I’m taking Career Counseling this semester as a necessary requirement for graduation and also as a pre-requisite for the two major exams I need to take for certification and licensure (the NCE and CPCE) . On the first day of class, my professor went around the room asking us details about our first job. At the end of the discussion, he pointed out that it was not a coincidence that our favorite jobs were also our first jobs and that there are studies and statistics to back up his claim. He told us that no matter what career path we chose after our first job, nothing will compare to that first experience. Even as a 30-something Ph.D holding professor and counseling professional, he still looks back on his first job at a grocery store fondly, making note that that was his favorite place of employment. Because of what I learned during that discussion, what I’m going to say today [as cheesy as it will sound] makes that much more sense.
* * *
They say that in life, change is the only constant. That seasons change, people change, circumstances change, life changes. So, in a lifetime full of change, very few things remain. In my lifetime, I’ve experienced changes from all different angles – from devastating loss, to heartbreak, to shifts in friendships, to ups and downs in familial relationships, to the goals and dreams I had for myself. And while I experienced all of these highs and lows of life, only one thing remained a constant. While the world around me never ceased to stop changing, the one thing that stayed the same, my one constant, has been my job. I never knew then that what was supposed to start out as a summer job when I was a teenager would turn into something that holds so many memories, so much meaning and so much of me for so long. I never knew all those years ago, the impact that it would have on my life and how bittersweet it would be to say goodbye – nine years later.
To many, Auntie Anne’s was just a pretzel place and a way to demean and degrade not only myself, but my coworkers as well. It was often a way for outsiders to make us feel like less than human for where we worked. I’ve never understood how having a long-term job, working for great people and working with incredible friends could ever be a negative enough thing to make fun of us for. But, of course, that is another rant to be saved for another day. To outsiders, it was a place they often frequented for a snack. It was the store that you could smell from a mile away. It was a childhood favorite that manifested itself into adulthood. But for me, Auntie Anne’s was my job – my first job.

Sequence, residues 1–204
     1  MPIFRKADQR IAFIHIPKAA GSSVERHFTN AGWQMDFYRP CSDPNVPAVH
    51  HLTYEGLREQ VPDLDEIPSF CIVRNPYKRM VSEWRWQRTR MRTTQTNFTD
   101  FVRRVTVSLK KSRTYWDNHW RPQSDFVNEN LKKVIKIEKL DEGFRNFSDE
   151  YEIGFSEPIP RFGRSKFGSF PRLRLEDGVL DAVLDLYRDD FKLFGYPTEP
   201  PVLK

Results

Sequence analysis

It was where I learned customer service and people skills – where I learned how to talk to people, where I learned how to listen to rules, where I learned leadership and where I gained a strong sense of self and a great work ethic. But it was so much more than that. Auntie Anne’s was a place that harbors so many memories and was, essentially, where I grew up. It was here that I learned what friendship is – and I mean real, raw, true friendship. Here I learned how to pick and choose which people I wanted in my life and how to read a person from a mile away. It was here I learned to build a back-bone and let some of the nasty things customers said to me roll off my shoulder. It was here I learned to work hard – to put in the hours, the work, and the time and see that hard work, no matter where you work, gets you places. It was here I learned to balance a job, extra-curricular activities and school and still make good grades. It was here that I gained a life-long, incredible and supportive best friend, who I genuinely do not know where I would be without – no matter how cliche it sounds. It was here that I had the chance to work with my brother and to work with a girl who I have known since before she was born. It was here that I forged close friendships with, now college-bound girls, who remind me of myself at their age. I was, and still am, so emotionally invested in their lives, their well-being and their success. They are more than just our employees, they’ve become both my friends and like little sisters to me. I’ve watched these kids blossom into young adults and learned that I could be proud of them, even if I have only known them for two or three years.